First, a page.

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greenhorn fret leveling crowning

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  • greenhorn fret leveling crowning

    I am green insofar as ever having any work experience truing and crowning frets.
    the communist want to fab a brand new neck for my raptor plus tk, a mere 35usd freeship.
    but the 80's neck is magical (why is fingerboard so thick like cigarette diameter?), just that slapping has worn the lower frets, not grooves, but instead very shallow scallops, say less than a tenth of height. so I bought the communist machining bar, communist crowner, communist [.4, .6, 1, 1.5, 2]k silicon carbide wet sand paper, tacky adhesive spray can, communist fretboard ruler un-notched.
    but I have not started anything, why, apprehensive, I may screw it up.
    here's my worry: I can reconfigure the truss wheel, neck detached from body, to obtain precise neck straightness necessary for leveling.
    but when normal pressure, slight as it be, is applied by the leveling bar, the neck will flex some amount.
    how much? depends on how much normal force is being applied, and, what is supporting (cradle jig?) this neck during leveling.
    see, if the neck deflects while being leveled, this will impart counter-bowing with respect to the frets longitudinal axis, once deflection is vacated.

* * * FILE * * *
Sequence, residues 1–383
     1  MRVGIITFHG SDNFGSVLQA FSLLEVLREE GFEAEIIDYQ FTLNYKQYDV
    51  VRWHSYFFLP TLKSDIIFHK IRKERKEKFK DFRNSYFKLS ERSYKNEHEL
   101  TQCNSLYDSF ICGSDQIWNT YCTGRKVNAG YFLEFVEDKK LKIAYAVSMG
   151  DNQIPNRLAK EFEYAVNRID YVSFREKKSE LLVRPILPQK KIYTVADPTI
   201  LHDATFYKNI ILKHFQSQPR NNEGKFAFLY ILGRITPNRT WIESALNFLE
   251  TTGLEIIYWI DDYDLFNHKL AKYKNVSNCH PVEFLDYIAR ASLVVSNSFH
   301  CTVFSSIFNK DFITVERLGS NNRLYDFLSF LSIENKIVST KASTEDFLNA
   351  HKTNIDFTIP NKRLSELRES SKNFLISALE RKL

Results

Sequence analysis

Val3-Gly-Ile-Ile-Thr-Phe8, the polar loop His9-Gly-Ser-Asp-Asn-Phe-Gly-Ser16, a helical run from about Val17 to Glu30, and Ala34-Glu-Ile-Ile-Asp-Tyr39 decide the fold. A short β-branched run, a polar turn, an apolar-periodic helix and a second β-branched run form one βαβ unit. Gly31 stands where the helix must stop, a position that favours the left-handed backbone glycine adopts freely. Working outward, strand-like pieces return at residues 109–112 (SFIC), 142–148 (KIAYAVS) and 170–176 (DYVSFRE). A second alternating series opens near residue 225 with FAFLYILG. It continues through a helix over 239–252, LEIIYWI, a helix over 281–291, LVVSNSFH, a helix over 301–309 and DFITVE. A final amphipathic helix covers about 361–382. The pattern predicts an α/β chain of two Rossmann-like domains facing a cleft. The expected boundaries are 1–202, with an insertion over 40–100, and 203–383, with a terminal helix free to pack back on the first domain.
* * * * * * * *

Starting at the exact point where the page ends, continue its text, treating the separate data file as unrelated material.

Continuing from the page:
I went as far as acquiring an ace hardware store's display crescent wrench cardboard box, quite sturdy, narrow, long, shallow.
    the boxes endpoints longitudinally speaking were carved (dremel chews cardboard like margarine!) to receive the underside curvature of the neck.
    the depth of the carved yokes was to submerge the neck adequately into the coffin such that plaster of paris or dental imprinting rubber could be pooled and solidified creating a bracing jig for a neck already configured straight. the neck must be coated with a release (paraffin naptha) and thermal considerations must be attended (exothermic, endothermic), by staging laminates.
    the web videos make it seem so elementary, as if 2 or 3 thousands of an inch untrue leveling is acceptable. I don't know this realm, or margin of tolerant error. but it would appear I should at least accomplish the leveling trueness to that of my tooling precision, otherwise why even purchase such precise tooling? I was also concerned of the adhesive tacky spray. does it increase error? typical layer thickness would be well over the 2 or 3 thousandths of an inch, and it is compressible, and I don't know if upon compression does it stay compressed or does it recover back to 2 or 3 thousandths thickness?